Upstream Configuration Item, CI. Upstream CIs depend on the current CI. For example, the upstream E-mail service
Relationship Name, Relationship depends on the downstream E-mail server, the network, and your E-mail program.
Type, Relationship Subtype

Relationships > This option links to the add a new CI relationship record that enables you to add a new
Add upstream relationship upstream relationship to this CI.

Relationships > Show Logical This option displays all logical CI relationships for the specified CI. A logical
connection mean that you can access the CI but there is no direct physical connections to
other CIs. For example, a network printer that you use.

Relationships > This option displays all physical CI relationships for the specified CI. A physical
Show Physical connection is when a CI is directly attached to another device. For example, a PC
connected to a dedicated printer with printer cable.

Relationships > This option displays all CI relationships for this CI that are of either physical or logical.
Show All

Relationships > This option shows the CIs that have a downstream dependency on this CI. For example,
Downstream Relationships > the upstream E-mail service depends on the downstream E-mail server, the network, and
Relationship Name, Relationship your E-mail program.
Type, Relationship Subtype

228 Chapter 16
Table 16-1 Configuration Management field descriptions (cont’d)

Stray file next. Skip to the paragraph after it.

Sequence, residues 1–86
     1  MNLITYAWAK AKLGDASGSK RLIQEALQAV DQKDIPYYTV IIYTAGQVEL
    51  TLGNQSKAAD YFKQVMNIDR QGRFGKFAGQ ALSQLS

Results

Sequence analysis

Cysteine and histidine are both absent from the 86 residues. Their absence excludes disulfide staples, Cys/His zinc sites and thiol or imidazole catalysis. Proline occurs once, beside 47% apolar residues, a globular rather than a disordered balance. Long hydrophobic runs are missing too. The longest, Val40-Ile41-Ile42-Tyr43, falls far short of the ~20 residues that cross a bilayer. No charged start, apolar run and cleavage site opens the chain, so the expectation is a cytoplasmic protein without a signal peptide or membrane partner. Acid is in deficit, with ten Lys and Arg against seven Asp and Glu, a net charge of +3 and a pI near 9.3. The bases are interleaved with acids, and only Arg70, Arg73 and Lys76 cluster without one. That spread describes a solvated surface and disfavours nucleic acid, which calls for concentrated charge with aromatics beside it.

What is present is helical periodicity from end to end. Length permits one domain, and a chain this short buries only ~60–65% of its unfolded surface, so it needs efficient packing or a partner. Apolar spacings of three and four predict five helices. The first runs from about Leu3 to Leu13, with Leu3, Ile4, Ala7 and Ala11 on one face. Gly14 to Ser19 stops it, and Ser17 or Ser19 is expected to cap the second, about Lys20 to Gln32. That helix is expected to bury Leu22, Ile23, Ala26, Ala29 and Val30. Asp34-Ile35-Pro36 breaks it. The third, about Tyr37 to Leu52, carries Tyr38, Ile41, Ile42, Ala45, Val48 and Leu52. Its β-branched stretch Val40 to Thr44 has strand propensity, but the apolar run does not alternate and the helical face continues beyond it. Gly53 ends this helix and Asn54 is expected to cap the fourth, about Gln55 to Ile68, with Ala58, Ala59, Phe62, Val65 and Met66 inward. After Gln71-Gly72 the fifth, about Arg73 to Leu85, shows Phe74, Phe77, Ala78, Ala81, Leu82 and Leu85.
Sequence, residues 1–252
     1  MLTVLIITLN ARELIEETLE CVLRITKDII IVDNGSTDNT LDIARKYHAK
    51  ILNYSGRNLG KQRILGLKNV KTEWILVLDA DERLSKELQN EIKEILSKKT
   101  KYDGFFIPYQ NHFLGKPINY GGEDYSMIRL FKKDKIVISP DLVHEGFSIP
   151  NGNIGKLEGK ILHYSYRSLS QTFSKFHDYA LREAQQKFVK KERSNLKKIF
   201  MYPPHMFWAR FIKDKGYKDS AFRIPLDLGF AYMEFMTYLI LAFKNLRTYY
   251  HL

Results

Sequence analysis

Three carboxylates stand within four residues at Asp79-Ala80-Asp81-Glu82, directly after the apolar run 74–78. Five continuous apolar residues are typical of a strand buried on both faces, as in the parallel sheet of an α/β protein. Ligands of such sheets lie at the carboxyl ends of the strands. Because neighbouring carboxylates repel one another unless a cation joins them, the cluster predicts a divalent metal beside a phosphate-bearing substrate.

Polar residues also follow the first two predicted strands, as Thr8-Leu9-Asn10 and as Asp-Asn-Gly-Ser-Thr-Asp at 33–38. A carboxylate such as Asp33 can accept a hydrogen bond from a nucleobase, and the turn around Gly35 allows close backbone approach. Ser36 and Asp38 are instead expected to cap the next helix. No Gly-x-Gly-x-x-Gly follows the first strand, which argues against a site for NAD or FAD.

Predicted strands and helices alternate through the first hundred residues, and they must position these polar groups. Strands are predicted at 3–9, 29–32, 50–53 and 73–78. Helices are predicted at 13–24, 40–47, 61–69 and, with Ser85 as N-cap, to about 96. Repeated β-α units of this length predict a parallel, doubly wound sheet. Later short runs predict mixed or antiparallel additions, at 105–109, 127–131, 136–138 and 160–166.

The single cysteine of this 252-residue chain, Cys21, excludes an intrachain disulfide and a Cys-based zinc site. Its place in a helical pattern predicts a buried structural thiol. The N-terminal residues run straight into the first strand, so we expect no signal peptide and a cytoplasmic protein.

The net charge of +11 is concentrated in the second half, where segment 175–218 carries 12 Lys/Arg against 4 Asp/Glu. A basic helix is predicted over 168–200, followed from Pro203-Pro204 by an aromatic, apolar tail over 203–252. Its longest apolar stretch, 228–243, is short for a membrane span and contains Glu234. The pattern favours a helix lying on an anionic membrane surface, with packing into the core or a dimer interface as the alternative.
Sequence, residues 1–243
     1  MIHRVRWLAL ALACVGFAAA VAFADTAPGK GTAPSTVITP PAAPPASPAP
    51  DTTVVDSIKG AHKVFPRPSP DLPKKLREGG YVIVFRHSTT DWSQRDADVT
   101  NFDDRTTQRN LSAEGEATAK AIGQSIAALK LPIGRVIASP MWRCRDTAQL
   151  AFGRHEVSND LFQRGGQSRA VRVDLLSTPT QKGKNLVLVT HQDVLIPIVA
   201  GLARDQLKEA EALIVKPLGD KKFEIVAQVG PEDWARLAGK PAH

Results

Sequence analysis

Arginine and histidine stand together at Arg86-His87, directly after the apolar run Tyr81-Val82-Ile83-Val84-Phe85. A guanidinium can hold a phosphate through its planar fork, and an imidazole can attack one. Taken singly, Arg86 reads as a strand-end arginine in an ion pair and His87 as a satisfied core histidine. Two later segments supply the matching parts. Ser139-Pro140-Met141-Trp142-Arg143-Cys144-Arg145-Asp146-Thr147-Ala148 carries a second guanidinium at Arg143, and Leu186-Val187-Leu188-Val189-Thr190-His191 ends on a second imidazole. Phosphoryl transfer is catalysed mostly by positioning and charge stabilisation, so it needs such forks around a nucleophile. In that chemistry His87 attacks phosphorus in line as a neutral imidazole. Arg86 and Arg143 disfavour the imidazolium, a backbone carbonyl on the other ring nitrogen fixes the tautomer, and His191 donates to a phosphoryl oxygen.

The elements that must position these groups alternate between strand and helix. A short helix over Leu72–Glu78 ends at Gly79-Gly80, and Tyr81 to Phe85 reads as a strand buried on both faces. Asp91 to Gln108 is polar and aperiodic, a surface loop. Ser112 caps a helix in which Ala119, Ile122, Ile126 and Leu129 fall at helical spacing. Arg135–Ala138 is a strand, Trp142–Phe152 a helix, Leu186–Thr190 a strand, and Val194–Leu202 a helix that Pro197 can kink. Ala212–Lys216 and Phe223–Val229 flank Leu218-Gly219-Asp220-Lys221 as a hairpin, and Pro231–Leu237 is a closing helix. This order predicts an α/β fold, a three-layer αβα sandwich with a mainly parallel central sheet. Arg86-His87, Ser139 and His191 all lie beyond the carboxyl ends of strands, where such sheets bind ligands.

Label Description

Relationship Graph This notebook tab displays a graphical representation of the upstream and downstream
relationships for the CI.

Subscribers > This is a system-generated notebook tab that shows all the subscriptions (people or
Subscriber, Type, Status departments) made against the CI, and the status of the subscription. Example: People
and departments can subscribe to Services or CIs. When looking at an interaction, the
Service Desk Agent views a list of all the CI the caller is subscribed to, and their current
status.

Audit > These fields display auditing information and are only enabled for those users who have
Audit Policy, Audit Status, the capability to audit CIs. The user role is Configuration Auditor.
Audit Discrepancy, Last Audit
Date, Next Scheduled Audit,
Last Audited By

Software > This notebook tab displays information about the software and drivers installed on the
Applications & Drivers CI. For example, a PC might list Microsoft Office and Adobe Reader along with the
version, install date, and license ID for each. An Administrator enters this data using he
Managed Software menu.

Primary User > This field displays the primary user who is the person assigned the CI and uses it on a
Primary Contact & Support day-to-day basis. Support contacts are secondary contacts who may have access to the
Contacts CI. For example, a subscriber would be a department for a printer, but the users would
be all the people who use the printer to print. The primary user is the person who is
responsible for the printer, such as the department manager.

Location > This notebook tab describes the physical location of the CI and may include information
Location Information & such as special access requirements (for example, you may require badge access or you
Location Comments may need to be accompanied by authorized personnel in some locations). For example,
the location information might contain, Australia, Home Site, main building, second
floor, room 3.

Vendor > This notebook tab provides vendor information about the CI for support and